Unit 8: Labor Relations and Internal Employee Relations
In this final unit of the course, we will discuss labor and employee relations and conclude with a brief perspective on how ethical concerns pervade all aspects of human resource management. As mentioned earlier in the course, an employer wants to create an environment that is attractive to potential and current employees. As you have already learned, the relationship between employer and employee can be a bit tricky. The employer has specific expectations when it makes the decision to bring a new employee on board. The employee has or should have an expectation of the employer when he or she decides to join and/or stay with an organization. Sometimes, there are significant discrepancies between what the employer needs/wants and what the employee needs/wants. In these situations, labor relations - or more specifically, labor unions - can help strengthen the employer/employee relationship.
Labor relations is a subfield of Human Capital Management concerned with labor unions in the workplace. Labor unions are independent third parties that represent the collective interest of the employees within a particular industry. Just as a marriage counselor serves as a mediator between a husband and a wife, a labor union seeks to balance the differences between employer and employee.
Employee relations is a subfield of Human Capital Management concerned with the prevention and/or resolution of workplace problems. This subfield encompasses poor performance and disciplinary action, the identification and promotion of policies/procedures, and the communication and promotion of awareness of the laws and legislation that impact the managing of human capital. These activities ensure that efficiency, equity, and voice can be achieved in the workplace for both the employer and the employee. But what exactly do we mean by efficiency, equity, and voice?
Efficiency relates to the ability to achieve a workplace goal with a minimal or minimized investment of resources. An employer seeks to achieve efficiency by engaging the most productive human capital and using the least amount of business resources. An employee seeks to achieve efficiency by asking for a specific balance between his or her time contributions to the organization and the economic outputs provided by the employer. Both an employee and an employer want workplace processes to be structured in such a way that each feels there is value for what they are contributing. Efficiency addresses the questions of: am I getting an equal or opposite response to the amount of work I am putting in? Are you motivated to help me be successful? Can I trust that within our relationship, you have my best interest in mind?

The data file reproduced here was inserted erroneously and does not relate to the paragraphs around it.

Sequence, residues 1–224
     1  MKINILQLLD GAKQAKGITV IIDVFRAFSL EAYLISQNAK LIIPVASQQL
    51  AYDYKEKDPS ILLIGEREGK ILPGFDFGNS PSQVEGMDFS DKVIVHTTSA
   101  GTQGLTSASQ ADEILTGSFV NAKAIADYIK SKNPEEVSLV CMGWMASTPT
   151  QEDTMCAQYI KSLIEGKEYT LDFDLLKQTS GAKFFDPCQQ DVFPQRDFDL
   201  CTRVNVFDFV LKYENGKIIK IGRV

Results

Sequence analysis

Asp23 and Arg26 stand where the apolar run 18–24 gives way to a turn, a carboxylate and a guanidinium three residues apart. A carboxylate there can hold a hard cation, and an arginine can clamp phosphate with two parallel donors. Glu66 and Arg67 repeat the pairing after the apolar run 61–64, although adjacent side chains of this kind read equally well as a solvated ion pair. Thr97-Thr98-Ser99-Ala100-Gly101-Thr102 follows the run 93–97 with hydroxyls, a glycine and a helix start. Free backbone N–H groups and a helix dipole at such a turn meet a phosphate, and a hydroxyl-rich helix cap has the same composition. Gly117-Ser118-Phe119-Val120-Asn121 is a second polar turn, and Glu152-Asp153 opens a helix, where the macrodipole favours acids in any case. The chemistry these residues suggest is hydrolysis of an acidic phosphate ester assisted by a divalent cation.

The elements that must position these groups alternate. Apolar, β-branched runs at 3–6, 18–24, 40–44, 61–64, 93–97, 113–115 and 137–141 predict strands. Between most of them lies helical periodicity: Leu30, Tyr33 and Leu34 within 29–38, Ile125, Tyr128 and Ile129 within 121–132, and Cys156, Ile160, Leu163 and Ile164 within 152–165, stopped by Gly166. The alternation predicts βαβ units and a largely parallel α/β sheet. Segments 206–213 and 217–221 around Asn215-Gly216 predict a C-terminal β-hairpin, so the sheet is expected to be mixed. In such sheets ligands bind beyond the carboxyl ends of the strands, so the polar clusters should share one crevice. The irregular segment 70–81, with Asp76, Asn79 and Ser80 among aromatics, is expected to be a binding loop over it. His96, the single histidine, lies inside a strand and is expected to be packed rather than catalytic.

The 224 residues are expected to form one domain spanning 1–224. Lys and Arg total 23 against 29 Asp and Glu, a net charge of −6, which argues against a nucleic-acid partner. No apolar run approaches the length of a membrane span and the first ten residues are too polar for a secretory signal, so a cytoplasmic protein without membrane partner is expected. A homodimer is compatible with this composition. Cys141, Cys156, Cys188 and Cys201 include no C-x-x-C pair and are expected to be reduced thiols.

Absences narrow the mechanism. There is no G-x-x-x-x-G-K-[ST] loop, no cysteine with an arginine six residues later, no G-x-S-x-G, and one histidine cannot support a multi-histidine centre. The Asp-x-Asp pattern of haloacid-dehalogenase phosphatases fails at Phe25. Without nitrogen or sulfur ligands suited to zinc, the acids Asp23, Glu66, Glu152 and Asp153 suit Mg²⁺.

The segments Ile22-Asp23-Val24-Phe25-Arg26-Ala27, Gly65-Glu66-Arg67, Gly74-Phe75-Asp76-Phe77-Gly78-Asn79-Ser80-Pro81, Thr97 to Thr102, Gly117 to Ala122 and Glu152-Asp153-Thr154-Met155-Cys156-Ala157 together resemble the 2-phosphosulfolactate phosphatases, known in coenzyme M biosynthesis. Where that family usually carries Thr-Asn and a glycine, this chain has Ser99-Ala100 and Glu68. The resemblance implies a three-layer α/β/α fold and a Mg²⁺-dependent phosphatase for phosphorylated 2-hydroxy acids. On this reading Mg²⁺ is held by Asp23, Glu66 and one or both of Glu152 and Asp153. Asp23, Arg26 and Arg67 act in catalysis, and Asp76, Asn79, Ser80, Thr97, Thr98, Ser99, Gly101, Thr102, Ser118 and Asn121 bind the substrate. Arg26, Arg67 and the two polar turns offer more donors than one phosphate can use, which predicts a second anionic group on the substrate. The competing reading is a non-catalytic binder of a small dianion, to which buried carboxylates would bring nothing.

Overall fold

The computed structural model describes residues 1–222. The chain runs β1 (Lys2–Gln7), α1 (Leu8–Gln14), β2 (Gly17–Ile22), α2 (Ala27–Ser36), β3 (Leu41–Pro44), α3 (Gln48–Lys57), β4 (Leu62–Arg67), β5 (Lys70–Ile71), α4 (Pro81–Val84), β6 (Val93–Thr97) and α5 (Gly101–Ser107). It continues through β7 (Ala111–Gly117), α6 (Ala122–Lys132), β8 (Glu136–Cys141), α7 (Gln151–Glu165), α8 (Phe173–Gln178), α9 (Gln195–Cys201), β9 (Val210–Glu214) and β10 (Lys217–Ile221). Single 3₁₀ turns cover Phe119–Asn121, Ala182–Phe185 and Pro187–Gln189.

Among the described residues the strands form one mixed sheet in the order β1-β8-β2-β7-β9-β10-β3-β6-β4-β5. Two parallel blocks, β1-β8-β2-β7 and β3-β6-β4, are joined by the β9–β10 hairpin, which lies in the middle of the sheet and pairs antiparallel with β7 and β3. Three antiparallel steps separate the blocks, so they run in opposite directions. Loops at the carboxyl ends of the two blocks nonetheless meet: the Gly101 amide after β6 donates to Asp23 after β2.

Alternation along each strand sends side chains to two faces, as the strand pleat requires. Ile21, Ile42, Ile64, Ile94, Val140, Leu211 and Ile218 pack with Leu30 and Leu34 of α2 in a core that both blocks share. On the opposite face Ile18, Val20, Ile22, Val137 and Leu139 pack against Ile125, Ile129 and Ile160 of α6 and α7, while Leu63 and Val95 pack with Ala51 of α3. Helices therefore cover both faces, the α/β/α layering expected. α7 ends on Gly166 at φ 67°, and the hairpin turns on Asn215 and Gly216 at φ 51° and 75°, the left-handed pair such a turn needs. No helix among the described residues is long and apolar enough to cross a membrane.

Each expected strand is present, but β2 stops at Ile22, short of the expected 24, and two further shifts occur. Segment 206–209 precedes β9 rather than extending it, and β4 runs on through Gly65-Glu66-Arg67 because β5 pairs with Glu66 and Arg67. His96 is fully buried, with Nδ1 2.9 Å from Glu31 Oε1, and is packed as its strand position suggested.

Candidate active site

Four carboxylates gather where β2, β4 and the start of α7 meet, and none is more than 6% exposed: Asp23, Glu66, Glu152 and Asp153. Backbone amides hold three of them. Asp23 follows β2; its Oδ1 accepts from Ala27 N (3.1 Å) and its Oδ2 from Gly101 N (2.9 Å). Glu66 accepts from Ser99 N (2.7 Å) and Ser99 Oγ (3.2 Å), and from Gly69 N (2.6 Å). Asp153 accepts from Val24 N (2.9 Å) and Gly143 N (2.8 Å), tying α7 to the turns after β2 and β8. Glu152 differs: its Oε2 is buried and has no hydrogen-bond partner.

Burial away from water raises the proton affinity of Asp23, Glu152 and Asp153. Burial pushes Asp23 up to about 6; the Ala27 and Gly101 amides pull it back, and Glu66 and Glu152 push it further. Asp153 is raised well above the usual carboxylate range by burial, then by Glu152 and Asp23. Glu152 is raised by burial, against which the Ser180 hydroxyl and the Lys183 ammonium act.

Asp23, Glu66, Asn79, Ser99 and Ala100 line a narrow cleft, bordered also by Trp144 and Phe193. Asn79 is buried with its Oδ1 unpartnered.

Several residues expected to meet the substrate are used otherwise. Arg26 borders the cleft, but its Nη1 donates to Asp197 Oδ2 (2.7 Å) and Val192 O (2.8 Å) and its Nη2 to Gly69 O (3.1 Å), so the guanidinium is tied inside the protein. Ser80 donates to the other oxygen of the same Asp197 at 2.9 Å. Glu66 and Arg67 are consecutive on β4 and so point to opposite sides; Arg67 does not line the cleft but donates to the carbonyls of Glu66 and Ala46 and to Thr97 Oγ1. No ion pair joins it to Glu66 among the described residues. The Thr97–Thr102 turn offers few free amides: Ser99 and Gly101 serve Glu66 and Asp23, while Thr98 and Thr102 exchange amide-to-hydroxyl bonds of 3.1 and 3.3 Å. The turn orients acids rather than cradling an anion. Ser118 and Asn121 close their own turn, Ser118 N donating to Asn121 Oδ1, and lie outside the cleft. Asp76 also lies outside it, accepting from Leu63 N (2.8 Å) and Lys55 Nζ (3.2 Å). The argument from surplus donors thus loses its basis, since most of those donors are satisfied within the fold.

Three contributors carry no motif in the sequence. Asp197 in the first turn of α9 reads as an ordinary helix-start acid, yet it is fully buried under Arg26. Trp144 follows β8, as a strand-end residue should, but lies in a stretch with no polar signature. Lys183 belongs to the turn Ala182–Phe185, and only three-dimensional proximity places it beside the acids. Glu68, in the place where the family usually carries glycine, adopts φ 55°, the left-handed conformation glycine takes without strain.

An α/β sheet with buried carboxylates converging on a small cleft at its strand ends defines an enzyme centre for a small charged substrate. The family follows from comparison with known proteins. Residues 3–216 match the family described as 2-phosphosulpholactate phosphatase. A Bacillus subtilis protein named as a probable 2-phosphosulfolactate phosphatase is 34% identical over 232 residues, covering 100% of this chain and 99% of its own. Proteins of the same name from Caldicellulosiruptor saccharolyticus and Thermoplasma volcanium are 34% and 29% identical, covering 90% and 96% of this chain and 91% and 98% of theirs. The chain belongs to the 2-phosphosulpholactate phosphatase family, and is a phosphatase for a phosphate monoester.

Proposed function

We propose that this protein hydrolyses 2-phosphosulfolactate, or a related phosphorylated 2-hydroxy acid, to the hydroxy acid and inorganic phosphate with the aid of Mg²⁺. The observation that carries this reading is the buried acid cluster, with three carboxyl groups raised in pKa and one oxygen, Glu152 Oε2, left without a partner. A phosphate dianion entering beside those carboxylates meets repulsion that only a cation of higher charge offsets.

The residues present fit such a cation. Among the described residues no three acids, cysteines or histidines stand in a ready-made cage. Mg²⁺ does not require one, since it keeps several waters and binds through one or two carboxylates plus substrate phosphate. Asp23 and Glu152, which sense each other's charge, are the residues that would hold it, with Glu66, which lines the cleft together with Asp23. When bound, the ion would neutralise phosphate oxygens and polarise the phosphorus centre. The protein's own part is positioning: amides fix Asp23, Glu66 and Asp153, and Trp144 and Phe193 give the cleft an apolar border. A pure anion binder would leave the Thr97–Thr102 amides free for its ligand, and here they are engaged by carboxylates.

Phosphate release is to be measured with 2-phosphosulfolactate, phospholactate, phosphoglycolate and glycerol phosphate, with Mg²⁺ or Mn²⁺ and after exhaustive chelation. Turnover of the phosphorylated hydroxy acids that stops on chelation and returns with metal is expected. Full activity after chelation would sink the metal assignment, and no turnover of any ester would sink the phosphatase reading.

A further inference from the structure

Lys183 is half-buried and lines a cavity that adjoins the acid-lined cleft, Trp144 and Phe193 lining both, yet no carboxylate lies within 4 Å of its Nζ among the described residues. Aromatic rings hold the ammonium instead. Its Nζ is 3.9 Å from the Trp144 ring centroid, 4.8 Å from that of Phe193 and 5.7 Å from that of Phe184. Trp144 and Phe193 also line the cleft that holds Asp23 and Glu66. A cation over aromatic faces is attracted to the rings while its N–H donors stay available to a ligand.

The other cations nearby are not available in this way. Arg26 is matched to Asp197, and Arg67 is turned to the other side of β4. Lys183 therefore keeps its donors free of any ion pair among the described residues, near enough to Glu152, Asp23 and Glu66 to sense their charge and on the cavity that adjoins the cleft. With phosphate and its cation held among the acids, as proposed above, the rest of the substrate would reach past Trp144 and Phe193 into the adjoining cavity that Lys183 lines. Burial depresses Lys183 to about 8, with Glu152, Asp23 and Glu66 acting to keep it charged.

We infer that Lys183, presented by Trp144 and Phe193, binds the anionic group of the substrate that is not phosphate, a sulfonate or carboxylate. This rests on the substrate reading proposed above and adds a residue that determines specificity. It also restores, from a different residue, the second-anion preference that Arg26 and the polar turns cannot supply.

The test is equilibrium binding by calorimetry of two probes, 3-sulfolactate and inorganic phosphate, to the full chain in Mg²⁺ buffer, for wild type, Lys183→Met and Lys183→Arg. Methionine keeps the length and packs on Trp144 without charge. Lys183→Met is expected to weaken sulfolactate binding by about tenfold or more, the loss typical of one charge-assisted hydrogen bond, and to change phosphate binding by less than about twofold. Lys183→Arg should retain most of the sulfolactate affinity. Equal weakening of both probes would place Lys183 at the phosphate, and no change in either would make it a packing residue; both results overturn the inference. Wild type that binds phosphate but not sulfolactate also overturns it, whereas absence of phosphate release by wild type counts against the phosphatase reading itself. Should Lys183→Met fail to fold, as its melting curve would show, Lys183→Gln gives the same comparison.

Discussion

Equity relates to the partnership ideal in the relationship between the employer and the employee. The key to understanding equity is identifying with the fact that the business environment is typically not a democracy. An employer creates and enforces the workplace rules and processes that it considers necessary to conducting business. If an employee works for this organization, the anticipation is for them to comply, as employers typically make them aware of these expectations. Is the workplace environment stable and fair? Is there room to grow and do more? Am I treated like a subordinate or a true partner? These are just some of the questions asked when assessing the equity in the relationship between the employer and the employee.
In personal relationships, there are times when one person feels that the other is not listening. The same applies to the relationship between employer/employee. Employees typically want to work for an employer who enables them to be heard and to contribute to the functioning of the organization. An employer wants an organization in which employees have actively listened to and engaged in the proper application of any workplace rules, processes, and procedures, with minimal to no infraction. In both cases, the employee and employer are looking to "achieve voice” in their organizations. Most, if not all, organizations try to assist in the achievement of voice by providing hotlines for employees to communicate, implementing suggestion boxes for the anonymous submission of ideas or comments about the workplace environment, and establishing an open door policy. Because the employer is the more dominant partner in this relationship, the balance between efficiency, equity, and voice can appear to be a bit one sided; this is where labor and employee relations step in.
Ethical conduct requires us to ask difficult questions. Firms need to make the distinction between legal compliance and ethical decision making. Ethical lapses have been responsible for U.S. companies losing billions of dollars in class action law suits. Individual employees must also take responsibility to adhere to their firms' codes of conduct, codes of ethics, and various policies written to protect the employee, the company, the community and other entities their organization serves Articles below describe some of the issues and challenges faced by human resource professionals today to ensure these codes of conduct, codes of ethics and company policies are disseminated, acknowledged and followed and accurately reflect the values and mission of their firms.
Completing this unit should take you approximately 11 hours.